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Letter of Joseph J. Hoyle to Sarah Hoyle, September 28, 1863


Letter of Joseph J. Hoyle to Sarah Hoyle, September 28, 1863


As the year of 1863 progressed desertion became more of an issue for regiments and units of the Confederate Army that were stationed in Northern Virginia. (Weitz 2005, 87, 149-150) Until this time the army of Northern Virginia had achieved a large scale of success in the war and the units had maintained a high morale. Overall morale dropped, and deserters increased throughout the Confederate Army in Northern Virginia. Fortunately for Lieutenant Hoyle his regiment remained in high spirits. Such accounts of increased desertions are seen by Hoyle since he mentions deserters in this letter. Thankfully for Hoyle the issue was of little importance to his regiment because their spirits remained high.


Joseph J. Hoyle


Jeffrey M. Girvan, ed., Deliver Us from this Cruel War: The Civil War Letters of Lieutenant Joseph J. Hoyle, 55th North Carolina Infantry (Jefferson, NC: McFarland and Company, 2010), 144-145.






Wake County, North Carolina


Near Rapidan Station Va.
Sept. 28th 1863.
My Dear wife:
This will inform you that I am about well again, and I hope it may find you well. The weather is cold up here now, and we have frost plenty, and some of our men are poorly provided for cold weather. Some have no blankets at all, and I fear we will not get any from the government soon. I have two of Capt. Mull’s blankets, and one of my own and a bed tick, so I fare very well in this line. There was some cavalry fighting up here last week. We were ordered out, and expected the general fight was coming on, but the Yankees soon went back, and all is now quiet again. It is hard telling what the enemy aims to do here. It is quite sure they have a heavy force in our front, and yet they do not advance. Though they may come when we least expect it. I think our army is now in a great deal better spirits than they have ever been since we came out of Pa., and if the deserters know how cheerful our brave soldier’s now are, I think some, at lest, would come back. And I would here say that deserters are faring but middling here now. 10 or 12 have been shot lately. One was shot in sight of our camp last week, but we being on picket at the time, I did not see it. I believe that hundreds of the deserters will now be shot. It seems very hard, but the cause demands it.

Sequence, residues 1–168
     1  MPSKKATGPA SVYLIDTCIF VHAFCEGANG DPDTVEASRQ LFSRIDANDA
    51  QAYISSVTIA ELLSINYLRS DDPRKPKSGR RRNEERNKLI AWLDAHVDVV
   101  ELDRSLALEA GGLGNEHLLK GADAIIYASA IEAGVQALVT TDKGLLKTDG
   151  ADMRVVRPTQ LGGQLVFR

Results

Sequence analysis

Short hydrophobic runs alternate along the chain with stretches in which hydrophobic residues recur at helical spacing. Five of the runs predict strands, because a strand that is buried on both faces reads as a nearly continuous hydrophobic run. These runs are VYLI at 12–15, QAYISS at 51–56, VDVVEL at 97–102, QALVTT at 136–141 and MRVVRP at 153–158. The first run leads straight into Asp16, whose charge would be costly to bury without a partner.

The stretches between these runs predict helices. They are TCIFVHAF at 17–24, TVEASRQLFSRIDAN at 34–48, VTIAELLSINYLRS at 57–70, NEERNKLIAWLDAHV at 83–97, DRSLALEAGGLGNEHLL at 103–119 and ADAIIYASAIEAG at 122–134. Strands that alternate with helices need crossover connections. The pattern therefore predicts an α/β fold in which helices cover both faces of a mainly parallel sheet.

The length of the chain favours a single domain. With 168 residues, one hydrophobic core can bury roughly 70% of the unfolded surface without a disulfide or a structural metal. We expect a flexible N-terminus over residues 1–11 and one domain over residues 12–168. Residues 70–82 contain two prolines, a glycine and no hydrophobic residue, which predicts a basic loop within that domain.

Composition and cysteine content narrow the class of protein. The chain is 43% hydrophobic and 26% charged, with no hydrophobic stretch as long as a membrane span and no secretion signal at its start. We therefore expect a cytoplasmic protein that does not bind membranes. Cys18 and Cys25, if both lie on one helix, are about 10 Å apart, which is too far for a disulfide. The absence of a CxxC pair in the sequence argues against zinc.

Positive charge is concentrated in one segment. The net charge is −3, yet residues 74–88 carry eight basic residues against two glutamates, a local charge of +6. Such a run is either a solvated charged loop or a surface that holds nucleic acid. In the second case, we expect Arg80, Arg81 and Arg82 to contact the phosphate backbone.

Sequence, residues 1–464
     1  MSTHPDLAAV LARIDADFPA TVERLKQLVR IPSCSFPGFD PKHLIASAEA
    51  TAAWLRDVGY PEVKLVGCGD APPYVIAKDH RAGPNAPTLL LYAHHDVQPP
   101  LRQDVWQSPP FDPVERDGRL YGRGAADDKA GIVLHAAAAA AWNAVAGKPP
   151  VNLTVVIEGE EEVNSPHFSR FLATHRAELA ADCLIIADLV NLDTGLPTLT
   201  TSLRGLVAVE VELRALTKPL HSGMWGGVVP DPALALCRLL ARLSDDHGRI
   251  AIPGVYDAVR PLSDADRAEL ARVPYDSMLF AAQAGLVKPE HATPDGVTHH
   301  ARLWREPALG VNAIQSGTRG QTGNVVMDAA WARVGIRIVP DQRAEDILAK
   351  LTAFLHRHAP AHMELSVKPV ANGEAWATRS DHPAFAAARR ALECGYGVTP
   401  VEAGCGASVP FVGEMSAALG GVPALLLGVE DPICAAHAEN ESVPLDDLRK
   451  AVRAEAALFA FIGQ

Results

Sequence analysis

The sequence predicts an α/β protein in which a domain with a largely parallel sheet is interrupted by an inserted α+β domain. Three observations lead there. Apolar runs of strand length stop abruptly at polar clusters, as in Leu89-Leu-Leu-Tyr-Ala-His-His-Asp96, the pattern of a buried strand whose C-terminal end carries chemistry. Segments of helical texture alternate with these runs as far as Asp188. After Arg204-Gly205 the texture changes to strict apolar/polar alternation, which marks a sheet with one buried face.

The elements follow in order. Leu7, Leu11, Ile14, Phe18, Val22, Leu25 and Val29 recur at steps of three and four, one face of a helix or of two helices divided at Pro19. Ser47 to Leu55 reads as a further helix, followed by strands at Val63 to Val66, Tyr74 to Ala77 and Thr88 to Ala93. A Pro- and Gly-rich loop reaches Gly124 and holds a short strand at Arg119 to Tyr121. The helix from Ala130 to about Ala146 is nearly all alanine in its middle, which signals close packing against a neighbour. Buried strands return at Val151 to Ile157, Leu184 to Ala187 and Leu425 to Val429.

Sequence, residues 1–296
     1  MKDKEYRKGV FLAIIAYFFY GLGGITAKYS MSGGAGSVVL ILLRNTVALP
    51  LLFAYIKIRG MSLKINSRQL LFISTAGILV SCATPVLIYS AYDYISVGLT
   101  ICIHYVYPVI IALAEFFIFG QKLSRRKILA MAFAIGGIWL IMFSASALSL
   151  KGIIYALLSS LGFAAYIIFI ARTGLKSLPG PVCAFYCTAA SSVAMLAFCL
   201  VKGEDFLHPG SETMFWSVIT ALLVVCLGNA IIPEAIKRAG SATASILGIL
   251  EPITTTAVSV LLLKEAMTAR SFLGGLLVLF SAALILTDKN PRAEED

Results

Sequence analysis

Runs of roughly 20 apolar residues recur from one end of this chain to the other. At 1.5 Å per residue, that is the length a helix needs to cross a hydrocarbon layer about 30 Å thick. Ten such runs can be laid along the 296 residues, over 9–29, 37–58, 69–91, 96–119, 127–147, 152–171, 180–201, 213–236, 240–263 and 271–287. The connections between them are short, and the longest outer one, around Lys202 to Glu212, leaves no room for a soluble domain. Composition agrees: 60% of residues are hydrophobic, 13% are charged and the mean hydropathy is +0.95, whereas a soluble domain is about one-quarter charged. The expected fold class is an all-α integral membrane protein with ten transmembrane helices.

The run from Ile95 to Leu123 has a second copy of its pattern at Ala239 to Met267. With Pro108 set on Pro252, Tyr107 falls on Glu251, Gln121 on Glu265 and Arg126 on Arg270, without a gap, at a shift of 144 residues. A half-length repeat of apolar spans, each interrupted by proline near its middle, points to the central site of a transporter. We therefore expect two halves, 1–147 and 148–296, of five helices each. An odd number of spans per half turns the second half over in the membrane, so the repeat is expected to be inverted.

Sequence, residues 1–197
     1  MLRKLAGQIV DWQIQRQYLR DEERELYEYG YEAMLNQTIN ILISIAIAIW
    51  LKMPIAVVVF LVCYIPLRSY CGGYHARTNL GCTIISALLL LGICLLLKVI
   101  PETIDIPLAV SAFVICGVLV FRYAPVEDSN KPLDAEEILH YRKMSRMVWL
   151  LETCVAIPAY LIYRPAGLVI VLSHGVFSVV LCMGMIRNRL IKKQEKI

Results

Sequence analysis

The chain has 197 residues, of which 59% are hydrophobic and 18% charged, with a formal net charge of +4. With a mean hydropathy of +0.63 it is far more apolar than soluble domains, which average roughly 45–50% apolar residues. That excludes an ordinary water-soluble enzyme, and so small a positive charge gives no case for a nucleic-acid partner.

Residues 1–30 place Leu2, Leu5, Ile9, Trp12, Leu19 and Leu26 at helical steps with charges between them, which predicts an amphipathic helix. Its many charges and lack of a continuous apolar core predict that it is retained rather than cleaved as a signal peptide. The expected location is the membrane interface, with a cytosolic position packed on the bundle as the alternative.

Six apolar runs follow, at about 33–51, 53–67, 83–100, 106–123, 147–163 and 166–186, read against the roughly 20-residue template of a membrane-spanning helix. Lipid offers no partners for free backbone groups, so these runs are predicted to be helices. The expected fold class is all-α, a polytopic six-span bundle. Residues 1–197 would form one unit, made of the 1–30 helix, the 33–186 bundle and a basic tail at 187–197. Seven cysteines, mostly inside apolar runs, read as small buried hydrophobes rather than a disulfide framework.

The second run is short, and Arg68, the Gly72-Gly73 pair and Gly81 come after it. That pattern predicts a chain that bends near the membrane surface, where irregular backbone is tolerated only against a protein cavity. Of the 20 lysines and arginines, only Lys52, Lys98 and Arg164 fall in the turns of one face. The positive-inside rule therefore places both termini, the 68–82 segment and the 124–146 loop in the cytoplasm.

Dear Sarah, I cannot help some times, but think about getting home to join your sweet company again after the war ends. I know this is wrong, for we may never see that happy time, but a great many times I am thinking about it before I know it. Dear Sarah, I would to God that we might realize it in truth. Then would our hearts be happy indeed. Le us hope and pray that the happy day may soon come. But while it is God’s will that we should be apart, let us be content. With my hope in God I can bear afflictions contentedly. Can you not, too, dear Sarah? I can tell you of one happy thing we may think of which is not wrong, and that is that our meeting in heaven. Sarah, let us think more about this and no doubt it will do us good. We should be more heavenly minded. I can tell you we had preaching this morning, and will have again this evening. Tell Rufus and Rooker I send them my best wishes, I would be glad to see them again. I expect Rufus and Sue will make up the match, tell them to go it, if they feel like it. You know I believe in marrying with all my heart. I remain yours in hope &love.
My own dear Sarah I received a letter from you last evening, containing the nice little bunch of flowers. How they remind me of your love and devotions. May the good Lord keep my dearest one.


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Joseph J. Hoyle, Letter of Joseph J. Hoyle to Sarah Hoyle, September 28, 1863, Civil War Era NC, accessed May 21, 2024,